The Leningrad School of Horn Playing

by Frøydis Ree Wekre
originally published in Volume X, No.1, October 1979

A new cultural center was established in Russia with the birth of St. Petersburg in 1703. St. Petersburg remained closely related to her sister city, Moscow the original capitol. which developed as an important commercial center, upheld the great Bolshoi Theater, and carried on its fine tradition for dramatic arts.

The role of the arts in Russia at this time was changing and acquiring a new more active and prestigious position. Aristocrats already involved in the arts continued their support of theaters and chamber orchestras. The Royal Court at St. Petersburg housed the Court “Kapella" which provided musical working grounds through the use of some traditional though unsystematic Russian methods. Many talented foreign artists and students at the Court “Kapella" helped to influence and develop the internationally recognized Russian style as we know it today.

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A History of Horn Choirs in the United States

by Anthony Schons

Most of the information about the early history of horn choirs comes from Norman Schweikert. In his publication in The Horn Call , he discusses how the hunting horn tradition, particularly in France and Germany, did not immediately take hold in the United States. The idea of the horn ensemble, mainly quartets at this point, arrived in the United States from Europe in ballets and operas.1 There are many operas and some ballets featuring hunting horn ensembles, with the “Hunting Chorus” from Der Freischutz leading the way. These non-academically affiliated ensembles grew in popularity through numerous performances which lead to the first US horn clubs that centered around the literature for the horn quartet.2 This stabilized for many years and eventually evolved into the first organized horn ensemble of more than four horn players. This ensemble, the Echo Club, was started in New York in 1900 by 44 horn players who were participating in a concert put on by the Aschenbroedel-Verein to raise funds to assist those affected by a hurricane that had damaged Galveston, Texas on September 8th and 9th of that year.3 The Aschenbroedel-Verein served as a sort of musicians union in that day, and the Echo Club was a club for horn players inside of the larger Aschenbroedel club. The next performance, which was reviewed by the Musical Courier, took place on April 28th, 1901 to benefit the Aschenbroedel Vernin sick fund.4 A year later, on May 4th, 1902, the Echo Club performed on another concert that benefited the clubs sick fund.5 This concert was again reviewed positively by the Musical Courier. The last public concert, known to the author, happened on March 8, 1909. The New York Times wrote that “...The twenty- four members of the New York Echo Club played a Beethoven hymn and Schantl's 'Hunters Drinking Song'...”6 The final mention of the club, as believed by Schweikert, was in an obituary in 1921 about an Echo Club member funeral where a “double horn quartet” performed Koschat's “Verlassen”.7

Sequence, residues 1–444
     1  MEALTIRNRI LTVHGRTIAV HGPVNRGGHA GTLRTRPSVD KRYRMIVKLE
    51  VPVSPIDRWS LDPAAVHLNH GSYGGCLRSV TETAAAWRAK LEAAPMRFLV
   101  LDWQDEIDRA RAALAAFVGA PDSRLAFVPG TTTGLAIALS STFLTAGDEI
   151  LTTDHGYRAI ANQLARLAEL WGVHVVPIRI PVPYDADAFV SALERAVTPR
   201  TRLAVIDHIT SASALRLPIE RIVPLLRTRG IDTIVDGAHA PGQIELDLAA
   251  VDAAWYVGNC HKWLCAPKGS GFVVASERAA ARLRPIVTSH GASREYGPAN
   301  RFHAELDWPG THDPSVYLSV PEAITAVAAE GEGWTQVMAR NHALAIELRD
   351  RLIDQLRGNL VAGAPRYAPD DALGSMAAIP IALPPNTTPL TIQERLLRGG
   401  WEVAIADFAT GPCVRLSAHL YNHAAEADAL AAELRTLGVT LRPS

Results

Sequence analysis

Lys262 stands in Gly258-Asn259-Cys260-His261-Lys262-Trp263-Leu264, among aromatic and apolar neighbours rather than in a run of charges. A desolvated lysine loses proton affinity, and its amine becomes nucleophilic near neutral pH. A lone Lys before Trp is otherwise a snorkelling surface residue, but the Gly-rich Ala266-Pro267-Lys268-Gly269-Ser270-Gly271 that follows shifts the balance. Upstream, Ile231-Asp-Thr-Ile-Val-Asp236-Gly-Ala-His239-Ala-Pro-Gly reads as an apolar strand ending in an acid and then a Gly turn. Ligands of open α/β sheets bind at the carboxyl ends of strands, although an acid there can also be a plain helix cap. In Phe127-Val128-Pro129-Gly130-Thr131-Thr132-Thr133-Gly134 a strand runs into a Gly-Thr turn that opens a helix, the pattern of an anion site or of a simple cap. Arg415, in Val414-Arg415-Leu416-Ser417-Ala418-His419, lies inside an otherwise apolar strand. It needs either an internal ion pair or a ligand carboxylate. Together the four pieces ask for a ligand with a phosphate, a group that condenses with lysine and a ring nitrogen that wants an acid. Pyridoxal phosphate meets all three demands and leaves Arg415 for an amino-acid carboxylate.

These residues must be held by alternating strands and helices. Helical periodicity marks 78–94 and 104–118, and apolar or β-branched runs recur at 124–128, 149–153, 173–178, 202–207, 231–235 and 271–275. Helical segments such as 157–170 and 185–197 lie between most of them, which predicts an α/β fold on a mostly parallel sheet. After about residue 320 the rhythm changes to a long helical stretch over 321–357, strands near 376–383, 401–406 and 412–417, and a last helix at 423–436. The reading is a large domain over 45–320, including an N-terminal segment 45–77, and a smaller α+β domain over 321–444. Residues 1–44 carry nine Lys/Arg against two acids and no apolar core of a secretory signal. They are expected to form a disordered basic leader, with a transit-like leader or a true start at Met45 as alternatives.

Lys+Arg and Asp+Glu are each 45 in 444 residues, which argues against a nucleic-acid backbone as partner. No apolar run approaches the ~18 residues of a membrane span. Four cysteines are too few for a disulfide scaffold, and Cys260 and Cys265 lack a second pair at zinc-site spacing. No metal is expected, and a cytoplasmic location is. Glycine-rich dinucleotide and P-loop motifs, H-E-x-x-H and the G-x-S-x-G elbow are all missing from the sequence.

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The Adult Amateur Experience

A View From Both Teacher and Student

by Lynn Steeves and Tina Barkan

A Teacher's Perspective

Over the course of this past year I have had the pleasure of teaching Tina Barkan, an adult amateur hornist who began playing horn again after a 30-year hiatus. Although I have taught a wide age range of students, from fourth grade to the collegiate level, this was my first experience teaching someone older than myself, and I would like to share the valuable lessons I have learned through this experience.